If the puppy is teething, make sure they have access to a lot of frozen toys. Rope toys soaked in chicken broth is our go-to favourite...and not just one. Let's pack your freezer with them for everyone in the family to grab with your puppy's gum's are sore. There are many other frozen toys designed explicitly for a teething puppy. Stock up on them for a wide variety to engage your puppy in novel items. Look for different textures, different flavours & smells (bananas, peanut butter, sweet potatoes), and odd shapes. This is also excellent mental stimulation proven to also calm your puppy down - a win-win.
Communication is key. You and your new puppy don't have clear communication nor trust. You may be bonded, but there is a lot more that needs to happen. Trust is critical to building with a puppy to ensure psychological soundness as the dog matures. Every interaction must make your relationship positive. Anything negative and your role is changed in your pups life, and you will likely require professional behaviour support later in the dog's life.
Exercise and Sleep. A puppy needs exercise aligned with their energy level and lots of sleep. In many puppy biting cases, we find the puppy doesn't sleep enough. Dogs need 15 hours of sleep, according to Dr. Denenberg, Veterinarian Psychiatrist. There is a lot we understand about sleep and behaviour and a lot we don't. Many studies are underway to dig deeper into the relationship between sleep and dogs behaviour. Our experience suggests observing the puppy, chart their sleep patterns and behaviours, and see if longer sleep helps.
Predicting biting events. Many clients tell us of the 'witching hour' at night or when the kids come home. As caregivers, we can expect and get ahead of the biting behaviour without reacting with our own heightened emotions (which negatively impacts our relationship).
How do I stop my puppy biting visitors?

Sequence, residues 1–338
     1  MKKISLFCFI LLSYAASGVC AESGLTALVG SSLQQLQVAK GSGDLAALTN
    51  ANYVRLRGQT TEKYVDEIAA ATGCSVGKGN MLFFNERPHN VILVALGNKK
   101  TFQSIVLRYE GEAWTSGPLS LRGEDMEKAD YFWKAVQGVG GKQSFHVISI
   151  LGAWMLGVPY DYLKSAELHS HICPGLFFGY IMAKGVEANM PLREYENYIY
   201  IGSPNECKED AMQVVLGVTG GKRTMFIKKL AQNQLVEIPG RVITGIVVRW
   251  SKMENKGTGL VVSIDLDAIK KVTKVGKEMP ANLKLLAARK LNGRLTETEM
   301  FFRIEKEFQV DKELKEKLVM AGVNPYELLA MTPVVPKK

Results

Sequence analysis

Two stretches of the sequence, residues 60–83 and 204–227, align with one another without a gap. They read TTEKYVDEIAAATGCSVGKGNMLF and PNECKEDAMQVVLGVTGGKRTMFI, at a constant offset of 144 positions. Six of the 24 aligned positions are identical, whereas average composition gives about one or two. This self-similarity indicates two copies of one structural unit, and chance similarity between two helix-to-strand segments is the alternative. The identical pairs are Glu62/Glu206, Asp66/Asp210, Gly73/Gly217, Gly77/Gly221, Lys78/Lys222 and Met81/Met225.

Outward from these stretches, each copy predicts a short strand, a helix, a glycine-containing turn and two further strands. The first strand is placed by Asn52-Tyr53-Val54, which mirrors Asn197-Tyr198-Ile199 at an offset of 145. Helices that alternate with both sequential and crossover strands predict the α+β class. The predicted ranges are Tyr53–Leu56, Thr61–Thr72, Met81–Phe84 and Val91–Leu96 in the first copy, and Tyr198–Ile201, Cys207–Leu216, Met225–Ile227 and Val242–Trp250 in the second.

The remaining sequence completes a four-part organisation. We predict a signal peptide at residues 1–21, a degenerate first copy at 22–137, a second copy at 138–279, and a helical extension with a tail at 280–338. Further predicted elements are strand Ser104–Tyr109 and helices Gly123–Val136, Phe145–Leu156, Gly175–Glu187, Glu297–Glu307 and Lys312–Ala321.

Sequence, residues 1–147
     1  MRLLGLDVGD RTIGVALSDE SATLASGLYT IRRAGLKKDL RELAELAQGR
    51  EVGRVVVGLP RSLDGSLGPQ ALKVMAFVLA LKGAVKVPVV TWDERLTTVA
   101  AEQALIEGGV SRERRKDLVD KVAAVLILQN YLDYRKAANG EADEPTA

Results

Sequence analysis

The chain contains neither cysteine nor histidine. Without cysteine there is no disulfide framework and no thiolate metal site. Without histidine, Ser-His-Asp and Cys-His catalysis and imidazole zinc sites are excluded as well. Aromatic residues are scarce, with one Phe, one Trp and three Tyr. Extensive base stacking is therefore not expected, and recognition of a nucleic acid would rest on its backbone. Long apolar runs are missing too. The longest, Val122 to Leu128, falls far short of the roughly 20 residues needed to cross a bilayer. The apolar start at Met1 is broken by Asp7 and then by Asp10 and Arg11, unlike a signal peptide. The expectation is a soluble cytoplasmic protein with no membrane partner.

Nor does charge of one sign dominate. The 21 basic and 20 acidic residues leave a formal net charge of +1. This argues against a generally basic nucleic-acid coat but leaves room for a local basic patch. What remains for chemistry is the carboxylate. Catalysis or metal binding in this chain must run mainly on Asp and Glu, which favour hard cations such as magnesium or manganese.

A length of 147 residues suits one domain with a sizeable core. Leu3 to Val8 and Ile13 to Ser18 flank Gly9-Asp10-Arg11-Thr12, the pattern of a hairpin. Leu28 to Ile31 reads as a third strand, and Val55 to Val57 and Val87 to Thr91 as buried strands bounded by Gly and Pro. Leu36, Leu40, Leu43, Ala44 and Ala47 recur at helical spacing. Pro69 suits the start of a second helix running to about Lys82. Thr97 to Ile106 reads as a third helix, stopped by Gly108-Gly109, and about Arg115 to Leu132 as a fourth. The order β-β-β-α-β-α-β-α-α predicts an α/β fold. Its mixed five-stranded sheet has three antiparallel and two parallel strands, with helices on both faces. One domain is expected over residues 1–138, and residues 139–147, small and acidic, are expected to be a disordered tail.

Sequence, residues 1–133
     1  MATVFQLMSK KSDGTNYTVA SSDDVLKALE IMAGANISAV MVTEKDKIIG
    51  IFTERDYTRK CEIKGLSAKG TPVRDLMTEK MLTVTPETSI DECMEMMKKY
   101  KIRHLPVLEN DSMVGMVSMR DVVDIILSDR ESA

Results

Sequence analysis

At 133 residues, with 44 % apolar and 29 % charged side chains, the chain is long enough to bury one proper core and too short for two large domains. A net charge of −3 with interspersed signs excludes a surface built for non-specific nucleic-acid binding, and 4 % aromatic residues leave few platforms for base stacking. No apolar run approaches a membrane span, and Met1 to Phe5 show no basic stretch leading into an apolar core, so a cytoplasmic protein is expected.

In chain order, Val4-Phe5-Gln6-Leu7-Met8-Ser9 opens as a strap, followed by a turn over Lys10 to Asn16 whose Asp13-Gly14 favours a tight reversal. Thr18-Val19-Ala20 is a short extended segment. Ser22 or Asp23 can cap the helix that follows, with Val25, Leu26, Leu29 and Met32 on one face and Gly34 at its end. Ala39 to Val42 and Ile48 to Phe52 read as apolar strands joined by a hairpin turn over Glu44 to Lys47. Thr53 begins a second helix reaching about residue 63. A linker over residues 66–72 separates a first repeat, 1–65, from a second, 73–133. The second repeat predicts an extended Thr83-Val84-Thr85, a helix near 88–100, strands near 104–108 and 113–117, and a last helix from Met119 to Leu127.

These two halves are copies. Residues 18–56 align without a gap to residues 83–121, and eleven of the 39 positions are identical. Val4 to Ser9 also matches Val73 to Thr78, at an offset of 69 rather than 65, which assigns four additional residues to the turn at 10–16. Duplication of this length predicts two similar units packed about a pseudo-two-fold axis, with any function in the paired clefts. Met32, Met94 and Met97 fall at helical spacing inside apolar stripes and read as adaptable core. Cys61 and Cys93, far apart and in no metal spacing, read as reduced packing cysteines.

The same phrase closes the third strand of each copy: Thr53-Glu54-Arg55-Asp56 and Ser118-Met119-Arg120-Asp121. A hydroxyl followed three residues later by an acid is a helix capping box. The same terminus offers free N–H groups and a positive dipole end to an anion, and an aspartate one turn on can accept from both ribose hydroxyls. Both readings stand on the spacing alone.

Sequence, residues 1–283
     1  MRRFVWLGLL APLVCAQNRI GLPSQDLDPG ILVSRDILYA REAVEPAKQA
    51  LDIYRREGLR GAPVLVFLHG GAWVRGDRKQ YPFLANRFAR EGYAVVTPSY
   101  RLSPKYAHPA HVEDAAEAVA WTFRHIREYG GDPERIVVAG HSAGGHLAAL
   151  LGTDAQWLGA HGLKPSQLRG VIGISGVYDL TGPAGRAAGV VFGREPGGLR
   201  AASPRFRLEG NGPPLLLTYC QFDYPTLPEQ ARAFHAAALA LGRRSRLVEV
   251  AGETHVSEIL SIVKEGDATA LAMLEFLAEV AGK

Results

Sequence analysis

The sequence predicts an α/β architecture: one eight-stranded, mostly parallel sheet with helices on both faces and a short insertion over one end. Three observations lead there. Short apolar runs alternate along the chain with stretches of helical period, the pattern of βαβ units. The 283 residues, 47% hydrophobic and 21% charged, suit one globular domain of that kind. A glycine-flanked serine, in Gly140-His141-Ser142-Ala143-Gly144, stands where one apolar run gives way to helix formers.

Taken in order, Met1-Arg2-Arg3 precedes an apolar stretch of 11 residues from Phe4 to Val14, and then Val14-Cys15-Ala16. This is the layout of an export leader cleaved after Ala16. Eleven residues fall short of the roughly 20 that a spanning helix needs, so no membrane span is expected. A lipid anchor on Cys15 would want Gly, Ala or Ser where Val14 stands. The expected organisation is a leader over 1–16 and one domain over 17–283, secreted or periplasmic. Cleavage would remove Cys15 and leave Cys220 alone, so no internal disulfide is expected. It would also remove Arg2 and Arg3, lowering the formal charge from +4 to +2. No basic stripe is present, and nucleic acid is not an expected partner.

A few tips about greeting when your puppy is still learning bite inhibition:
Keep greetings low key.
Think warm, calm and friendly, not joyous excitement.
Have long frozen toys or plush toy at the door that visitors can hold away from their hands and play with the dog as a greeting.
A short note about 'tug of war'. We don't want to 'win' 'tug of war'. That is an old fashion training construct around dominance/alpha. It simply doesn't stand up to today's science. Let the dog win regularly. It is, after all, just a game. And, it makes you more fun to be around.
Toys that extend away from the hands is best for a teething puppy. Long plushy snakes, long ropes or a flirt pole. A flirt pole is a long pole with a toy at the end and are a perfect option to play fun games of chase without getting your hands nip. Use it on a grassy surface for good grip and no slips.
How do I stop my puppy biting my clothes?
Make sure your puppy has a structure routine, enough sleep, regular feeding times and subsequently regular pee/poop times. Poop-stress is a real thing. Many puppies will become anxious and unsure of what to do, as their new little bodies feel the pressure to relieve themselves. Biting your clothes or you may be a signal of your pup needing to poop.
Stop the activity you are doing if the pup is biting your clothes. Consider it a signal that your puppy needs something. Go through a checklist: hungry? thirst? overtired? needs to play? Depending on your evaluation you may need to ask your dog by redirecting them to their water, their bed, a snack or a calmer way to play. With adequate structure, observation and planning your puppy will stop biting your clothes.
When will my puppy stop biting me?
It takes a few weeks to help your puppy understand the pressure they are using with their mouth hurts. You must be very patient and gentle. Anything harsh breaks the bond with your dog, and subsequently, behaviours will worsen over time. Any use of force, even yelling, can create long-term behaviour issues. As soon as their adult teeth come in around 5-6 months, the biting tends to decrease. If the dog is appropriately supported and taught, it evolves into gentle 'mouthing' to engage with you.
Regular attention to the bite strength is a good idea as enthusiasm can sometimes reduce the dog's ability to regulate the bites.
Our practice uses fear-free, force-free and positive reinforcement to create voluntarily well-behaved cooperative family dogs and prevent fear aggression in puppies through private programs to teach you to guide your pup. If you are concerned with your puppy biting, your abilities to help your puppy learn, and want the best private training for yourself and your dog, then please reach out. Proper one-on-one modern training is a huge benefit to you for life and avoids later behaviour issues such as fear aggression, frustration aggressions and people aggression and other aggressive behaviour.
'Sparky' Smith is a Canine Behaviorist and Practioner, educated through the International School for Canine Psychology & Behaviour, earning her ISCP.DIP.CANINE.PRAC.